CLIMATE ADAPTATION

I want to punch climate change in the face. A blog about the interactions between the built environment, people, and nature.


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Posts tagged "oil"

Interesting anti-LEGO campaign. Yes, anti-LEGO. Weelllll, actually, it’s a campaign to tell LEGO to end it’s relationship with Shell Oil. Check it out:

Children’s imaginations are an unspoilt wilderness. Help us stop Shell polluting them by telling LEGO to stop selling Shell-branded bricks and kits today. Sign our petition calling on LEGO to end its partnership with Shell to Save the Arctic at: http://www.legoblockshell.org/?ytv1

Site is overwhelmed right now, but keep refreshing.

This is a full reversal by Ecuador’s President Rafeal Correa, who previously had a plan to never drill for oil in the Amazon rainforest. His plan failed, and he had to cave to the oil companies (Ecuador is broke).

Incredible footage of the oil train derailment fire in #lynchburg Virginia this morning.

Of course they did.

ecowatchorg:

Oil and Gas Giant Exxon Agrees to Its First Carbon Risk Disclosure
READ MORE on EcoWatch: http://ecowatch.com/2014/03/21/exxon-disclose-carbon-risk/

Interesting.

ecowatchorg:

Oil and Gas Giant Exxon Agrees to Its First Carbon Risk Disclosure

READ MORE on EcoWatch: http://ecowatch.com/2014/03/21/exxon-disclose-carbon-risk/

Interesting.

Judge called the Govenor’s actions to change the law illegal. Excellent coverage by the AP.

Big environment win guys.

Offshore Oil Leases in America’s Arctic Rejected by U.S. Court Court

Decision Paves the Way for Obama Administration to Reconsider Drilling in Wildlife-Rich Arctic Waters

Today, the Court of Appeals for the Ninth Circuit ruled that the Department of the Interior violated the law when it sold offshore oil and gas leases in the Chukchi Sea off the coast of Alaska. The decision stems from a lawsuit filed by a coalition of Alaska Native and conservation groups made up of the following: the Native Village of Point Hope, Inupiat Community of the Arctic Slope, Alaska Wilderness League, Center for Biological Diversity, Defenders of Wildlife, National Audubon Society, Natural Resources Defense Council, Northern Alaska Environmental Center, Oceana, Pacific Environment, Resisting Environmental Destruction on Indigenous Lands (REDOIL), Sierra Club, The Wilderness Society, and World Wildlife Fund. Earthjustice, a nonprofit environmental law organization, represented the groups.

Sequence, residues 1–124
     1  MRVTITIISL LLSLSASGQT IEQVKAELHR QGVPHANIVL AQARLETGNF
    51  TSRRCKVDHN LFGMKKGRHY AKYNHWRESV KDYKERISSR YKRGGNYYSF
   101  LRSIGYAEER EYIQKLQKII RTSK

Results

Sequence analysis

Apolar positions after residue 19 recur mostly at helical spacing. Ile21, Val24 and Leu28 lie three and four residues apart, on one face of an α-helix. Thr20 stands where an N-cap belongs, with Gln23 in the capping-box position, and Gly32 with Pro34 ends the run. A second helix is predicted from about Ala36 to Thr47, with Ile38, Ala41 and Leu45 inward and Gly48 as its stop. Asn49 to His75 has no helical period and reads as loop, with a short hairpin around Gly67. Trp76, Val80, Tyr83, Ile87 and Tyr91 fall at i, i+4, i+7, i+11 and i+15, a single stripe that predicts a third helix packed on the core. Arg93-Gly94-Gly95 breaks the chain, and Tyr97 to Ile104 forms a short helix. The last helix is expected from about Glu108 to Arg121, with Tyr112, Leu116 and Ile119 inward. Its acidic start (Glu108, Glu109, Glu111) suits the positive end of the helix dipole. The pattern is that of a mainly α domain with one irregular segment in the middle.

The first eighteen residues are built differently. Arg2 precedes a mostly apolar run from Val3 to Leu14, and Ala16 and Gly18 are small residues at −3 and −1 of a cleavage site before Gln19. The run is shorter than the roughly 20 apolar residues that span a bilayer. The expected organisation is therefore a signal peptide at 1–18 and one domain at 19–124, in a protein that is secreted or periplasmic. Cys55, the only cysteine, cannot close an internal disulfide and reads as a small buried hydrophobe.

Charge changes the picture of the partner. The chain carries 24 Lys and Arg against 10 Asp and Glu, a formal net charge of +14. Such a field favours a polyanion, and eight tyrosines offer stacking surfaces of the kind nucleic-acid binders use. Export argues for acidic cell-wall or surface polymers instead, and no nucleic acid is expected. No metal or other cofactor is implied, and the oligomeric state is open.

Statement from Audubon President and CEO David Yarnold:

"We don’t know nearly enough about the Chukchi Sea ecosystems - let alone about how to clean up an oil spill in ice-locked seas - to let international corporations go around poking holes in the seafloor," said Audubon President and CEO David Yarnold. “We do know that the Arctic Ocean is crucial for marine birds and mammals, holding globally significant feeding and resting areas for dozens of species, and they need to be protected. This decision gives the White House a chance to reconsider drilling in the Chukchi.” Via

Wut?

More tar sands environmental doom.

Researchers find 7,300-sq-mile ring of mercury around tar sands in Canada

Scientists have found a more than 7,300-square-mile ring of land and water contaminated by mercury surrounding the tar sands in Alberta, where energy companies are producing oil and shipping it throughout Canada and the U.S.